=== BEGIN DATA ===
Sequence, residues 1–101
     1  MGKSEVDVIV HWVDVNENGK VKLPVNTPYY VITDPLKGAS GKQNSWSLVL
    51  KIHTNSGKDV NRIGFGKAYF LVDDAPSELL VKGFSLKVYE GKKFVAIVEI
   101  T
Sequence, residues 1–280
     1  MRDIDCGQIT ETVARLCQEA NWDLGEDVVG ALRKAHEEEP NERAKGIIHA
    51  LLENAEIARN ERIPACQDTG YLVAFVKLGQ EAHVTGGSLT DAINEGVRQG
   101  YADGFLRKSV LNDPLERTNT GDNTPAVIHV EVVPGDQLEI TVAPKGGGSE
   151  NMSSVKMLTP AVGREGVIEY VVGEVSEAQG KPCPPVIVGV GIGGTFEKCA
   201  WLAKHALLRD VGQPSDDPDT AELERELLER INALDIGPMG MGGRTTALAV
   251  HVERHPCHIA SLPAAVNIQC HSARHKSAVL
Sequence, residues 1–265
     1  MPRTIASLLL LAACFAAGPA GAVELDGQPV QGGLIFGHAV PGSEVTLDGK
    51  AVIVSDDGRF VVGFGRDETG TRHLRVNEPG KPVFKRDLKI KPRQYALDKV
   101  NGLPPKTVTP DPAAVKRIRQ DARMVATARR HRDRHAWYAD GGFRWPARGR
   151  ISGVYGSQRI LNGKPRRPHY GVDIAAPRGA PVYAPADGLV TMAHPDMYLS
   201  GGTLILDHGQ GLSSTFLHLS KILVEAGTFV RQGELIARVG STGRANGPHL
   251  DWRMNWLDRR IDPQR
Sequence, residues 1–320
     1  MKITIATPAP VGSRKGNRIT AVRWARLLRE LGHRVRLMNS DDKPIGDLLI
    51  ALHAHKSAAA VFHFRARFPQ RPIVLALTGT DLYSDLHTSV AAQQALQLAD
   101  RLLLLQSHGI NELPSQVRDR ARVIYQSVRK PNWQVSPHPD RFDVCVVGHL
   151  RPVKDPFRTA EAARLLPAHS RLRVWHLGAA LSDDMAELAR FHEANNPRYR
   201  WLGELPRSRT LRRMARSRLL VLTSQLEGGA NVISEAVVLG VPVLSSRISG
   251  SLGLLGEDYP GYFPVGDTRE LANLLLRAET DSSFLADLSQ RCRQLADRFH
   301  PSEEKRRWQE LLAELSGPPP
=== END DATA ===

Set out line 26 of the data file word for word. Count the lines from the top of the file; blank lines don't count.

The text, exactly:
   301  PSEEKRRWQE LLAELSGPPP